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Sept 9 (Reuters) - (The following statement was released by the rating agency)
Fitch Ratings has affirmed New Zealand's (NZ) Long-Term foreign and local currency Issuer Default Ratings (IDRs) at 'AA' and 'AA+' respectively. The Outlook is Stable. The Short-Term IDR has been affirmed at 'F1+'. The Country Ceiling has also been affirmed at 'AAA'.
KEY RATING DRIVERS
The affirmation of New Zealand's ratings with Stable Outlook reflects the following key rating drivers:
- The Stable Outlook on the ratings balances the prospect of fiscal consolidation and stabilisation of public debt ratios against Fitch's expectation that already-high net external indebtedness will rise further over the forecast period, exacerbating a long-standing credit weakness.
- New Zealand's economic policy framework, level of development and standards of governance rank among the world's strongest from a credit perspective, and warrant high-grade sovereign ratings. The sovereign has no history of debt default.
- NZ's high net external indebtedness is a central sovereign credit weakness.
Net external debt (NXD) was 214% of current external receipts at end-2012 against the 'AA' range median of a net creditor position of 105%, and an OECD median net debtor position of 63%. Fitch projects NZ's current account deficit will widen and NXD ratios will rise further over the forecast period, led by accelerating residential construction and the reconstruction of Christchurch, a city affected by major earthquakes in 2010 and 2011.
- NZ's public indebtedness is below that of many advanced-economy peers. Direct public debt plus local government debt is projected at 42.9% of GDP at end-June 2013 (FY13), up from 20.7% at end-FY08 and above the end-2012 'AA' range median of 36.9%. The 22.2pp rise in NZ's debt since 2008 exceeds the median rise for the OECD countries over 2008-2012 of 16.3pp. However, Fitch expects NZ's ratio will decline from FY14 given the strength of the cross-party consensus on fiscal consolidation.
- NZ's households are relatively highly leveraged. Household debt stood at 144.5% of disposable income at end-2012 compared with about 100% in the US. Moreover, NZ's household indebtedness has declined only modestly from a peak of 153% of disposable income at end-FY09. The ratio has been rising since end-June 2012 as credit growth to households has re-accelerated. However, NZ's banks are relatively strong on a stand-alone basis and are largely foreign-owned, limiting the contingent liability on the sovereign to support the system in the event of need.
- Relatively low domestic savings underlies NZ's credit weaknesses of high external debt and private-sector leverage. The domestic savings rate averaged 21.5% over 2003-2012 against the OECD median of 23.3%.
- NZ's economic performance supports the ratings. GDP growth averaged 1.7% per annum over 2009-2013, not far below the median for 'AA' rated peers (2.2%), and above the median for 'AAA' rated peers (0.8%). NZ's growth has been less volatile than either rating category median. Inflation has been lower and less volatile than the 'AA' category median.
- Nevertheless, NZ's economy is highly commodity-dependent in comparison with other advanced economies, reflecting the importance of the country's agricultural sector. Commodity exports are projected to be 56% of CXR in 2013 against 10-year medians for the 'AA' range of 19%, and for the 'AAA' range of 13%. This reflects NZ's comparative advantages. However, it exposes NZ's economic stability and sovereign credit profile to business risks in the farming sector. A serious and lingering health issue such as an outbreak of foot and mouth disease would likely have a strong and lasting adverse effect on the economy and the broader credit profile, if it occurred, although the likelihood is low in Fitch's estimation.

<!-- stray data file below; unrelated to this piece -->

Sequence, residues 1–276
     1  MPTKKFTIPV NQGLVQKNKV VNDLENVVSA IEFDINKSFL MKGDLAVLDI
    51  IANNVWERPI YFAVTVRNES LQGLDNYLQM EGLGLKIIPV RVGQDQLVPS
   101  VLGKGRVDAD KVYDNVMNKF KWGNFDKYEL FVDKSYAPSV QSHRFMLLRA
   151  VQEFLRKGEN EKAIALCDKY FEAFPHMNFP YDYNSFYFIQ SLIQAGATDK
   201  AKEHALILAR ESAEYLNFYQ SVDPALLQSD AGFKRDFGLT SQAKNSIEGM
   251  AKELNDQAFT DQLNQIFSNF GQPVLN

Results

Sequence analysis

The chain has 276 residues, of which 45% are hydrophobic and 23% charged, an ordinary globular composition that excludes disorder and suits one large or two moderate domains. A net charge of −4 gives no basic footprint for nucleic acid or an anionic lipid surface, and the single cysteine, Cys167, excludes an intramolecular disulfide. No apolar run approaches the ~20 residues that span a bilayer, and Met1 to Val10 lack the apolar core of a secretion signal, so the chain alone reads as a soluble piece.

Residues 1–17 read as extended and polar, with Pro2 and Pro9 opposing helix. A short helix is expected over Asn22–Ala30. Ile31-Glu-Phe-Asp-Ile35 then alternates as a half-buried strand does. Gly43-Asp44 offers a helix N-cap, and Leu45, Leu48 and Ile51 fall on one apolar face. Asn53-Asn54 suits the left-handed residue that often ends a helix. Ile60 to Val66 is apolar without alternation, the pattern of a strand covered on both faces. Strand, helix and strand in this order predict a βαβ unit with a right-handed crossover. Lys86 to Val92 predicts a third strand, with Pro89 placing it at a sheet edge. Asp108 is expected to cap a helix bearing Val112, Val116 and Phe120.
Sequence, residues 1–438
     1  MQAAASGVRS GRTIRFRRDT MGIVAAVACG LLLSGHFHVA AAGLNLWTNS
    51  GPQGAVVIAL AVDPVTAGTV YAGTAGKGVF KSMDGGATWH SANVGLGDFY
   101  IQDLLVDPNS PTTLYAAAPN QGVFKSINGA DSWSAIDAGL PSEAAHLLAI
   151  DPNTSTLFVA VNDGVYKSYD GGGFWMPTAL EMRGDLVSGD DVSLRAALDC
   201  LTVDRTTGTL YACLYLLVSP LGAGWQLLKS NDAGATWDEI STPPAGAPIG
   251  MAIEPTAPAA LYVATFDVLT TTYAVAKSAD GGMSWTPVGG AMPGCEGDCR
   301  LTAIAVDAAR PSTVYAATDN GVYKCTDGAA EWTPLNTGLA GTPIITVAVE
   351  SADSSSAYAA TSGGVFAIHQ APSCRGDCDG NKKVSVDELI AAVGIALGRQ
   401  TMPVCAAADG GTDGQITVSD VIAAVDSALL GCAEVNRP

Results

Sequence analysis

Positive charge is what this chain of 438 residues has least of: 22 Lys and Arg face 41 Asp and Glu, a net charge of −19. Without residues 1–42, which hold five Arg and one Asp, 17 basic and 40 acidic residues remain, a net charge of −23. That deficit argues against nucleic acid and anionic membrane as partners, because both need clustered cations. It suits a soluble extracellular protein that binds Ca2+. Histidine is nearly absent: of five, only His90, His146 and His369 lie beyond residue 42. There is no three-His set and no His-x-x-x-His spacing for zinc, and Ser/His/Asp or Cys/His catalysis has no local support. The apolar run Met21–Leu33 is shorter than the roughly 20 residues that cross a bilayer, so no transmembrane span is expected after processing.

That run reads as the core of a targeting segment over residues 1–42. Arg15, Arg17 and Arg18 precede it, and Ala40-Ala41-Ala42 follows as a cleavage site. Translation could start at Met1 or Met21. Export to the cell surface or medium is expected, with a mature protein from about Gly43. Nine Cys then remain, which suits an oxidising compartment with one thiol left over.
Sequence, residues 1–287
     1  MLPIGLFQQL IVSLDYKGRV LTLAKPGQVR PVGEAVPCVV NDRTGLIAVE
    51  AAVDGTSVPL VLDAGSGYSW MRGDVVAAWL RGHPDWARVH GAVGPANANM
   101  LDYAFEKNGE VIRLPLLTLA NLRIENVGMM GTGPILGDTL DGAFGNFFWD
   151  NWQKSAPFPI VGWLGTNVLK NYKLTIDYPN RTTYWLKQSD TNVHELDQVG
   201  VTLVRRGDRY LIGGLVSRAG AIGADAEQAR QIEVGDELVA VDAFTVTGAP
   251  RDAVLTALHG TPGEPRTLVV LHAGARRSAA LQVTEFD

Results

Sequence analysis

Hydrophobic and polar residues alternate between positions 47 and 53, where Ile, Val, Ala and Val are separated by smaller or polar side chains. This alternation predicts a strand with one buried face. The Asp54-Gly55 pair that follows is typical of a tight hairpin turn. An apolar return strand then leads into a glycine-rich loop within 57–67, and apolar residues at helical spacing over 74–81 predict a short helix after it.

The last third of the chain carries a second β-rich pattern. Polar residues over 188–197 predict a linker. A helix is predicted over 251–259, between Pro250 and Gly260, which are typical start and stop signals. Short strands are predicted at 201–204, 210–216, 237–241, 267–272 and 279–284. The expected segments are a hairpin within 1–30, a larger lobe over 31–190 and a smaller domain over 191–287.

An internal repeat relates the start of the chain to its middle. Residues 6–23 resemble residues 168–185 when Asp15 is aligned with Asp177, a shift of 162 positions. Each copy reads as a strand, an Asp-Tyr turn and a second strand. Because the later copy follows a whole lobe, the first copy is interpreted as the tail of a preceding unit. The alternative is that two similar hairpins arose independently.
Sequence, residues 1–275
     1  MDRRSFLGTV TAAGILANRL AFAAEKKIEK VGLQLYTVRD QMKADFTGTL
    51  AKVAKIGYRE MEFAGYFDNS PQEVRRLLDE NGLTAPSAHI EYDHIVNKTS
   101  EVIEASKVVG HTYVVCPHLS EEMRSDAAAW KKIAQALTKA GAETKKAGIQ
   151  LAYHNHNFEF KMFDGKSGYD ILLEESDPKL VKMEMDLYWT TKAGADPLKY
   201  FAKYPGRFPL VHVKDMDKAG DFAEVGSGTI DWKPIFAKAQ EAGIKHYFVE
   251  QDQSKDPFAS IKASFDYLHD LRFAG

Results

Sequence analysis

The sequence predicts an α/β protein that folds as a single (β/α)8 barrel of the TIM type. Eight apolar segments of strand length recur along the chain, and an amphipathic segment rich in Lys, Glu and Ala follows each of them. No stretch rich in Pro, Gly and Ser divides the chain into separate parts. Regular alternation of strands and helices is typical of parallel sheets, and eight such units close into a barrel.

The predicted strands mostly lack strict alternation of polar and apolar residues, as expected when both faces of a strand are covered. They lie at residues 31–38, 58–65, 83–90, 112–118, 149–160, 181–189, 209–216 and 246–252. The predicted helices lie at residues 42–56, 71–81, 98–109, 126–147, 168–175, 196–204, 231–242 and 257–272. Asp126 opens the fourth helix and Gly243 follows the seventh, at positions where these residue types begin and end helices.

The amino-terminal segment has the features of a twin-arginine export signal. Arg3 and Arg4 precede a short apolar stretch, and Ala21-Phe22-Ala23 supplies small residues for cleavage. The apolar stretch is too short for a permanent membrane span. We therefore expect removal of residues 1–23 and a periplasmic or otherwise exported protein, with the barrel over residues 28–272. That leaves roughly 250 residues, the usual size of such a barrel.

The Stable Outlook reflects Fitch's assessment that upside and downside risks to the rating are currently well balanced. Consequently, Fitch's sensitivity analysis does not currently anticipate developments with a high likelihood of leading to a rating change.
The main factors, individually or collectively, that could lead to positive rating action are:
- Further progress in fiscal consolidation leading to an outlook for sustained reductions in public debt ratios;
- Rebalancing of the economy that put New Zealand's net external debt ratios on a sustainable downward path.
The main factors, individually or collectively, that could lead to a negative rating action are:
- A sharp and sustained rise in New Zealand's external borrowing costs that imposed a disruptive tightening on NZ's monetary and credit conditions sufficient to have a durable negative impact on growth, employment, the public finances, and the health of the banking system;
- A negative shock to the real economy with similar lasting adverse effects, exceeding the typical cyclical volatility of the economy;
- A wider and/or longer-lasting current account deficit than Fitch currently projects, leading to higher NXD ratios relative to peers.
The ratings and outlooks are sensitive to a number of assumptions:
- Fitch assumes the outlook for the global economy will remain broadly in line with the projections laid out in its June Global Economic Outlook;
- The ratings incorporate an assumption that New Zealand's savings and productivity performance do not undergo a sharp structural change relative to historic behaviour over the forecast period to 2015.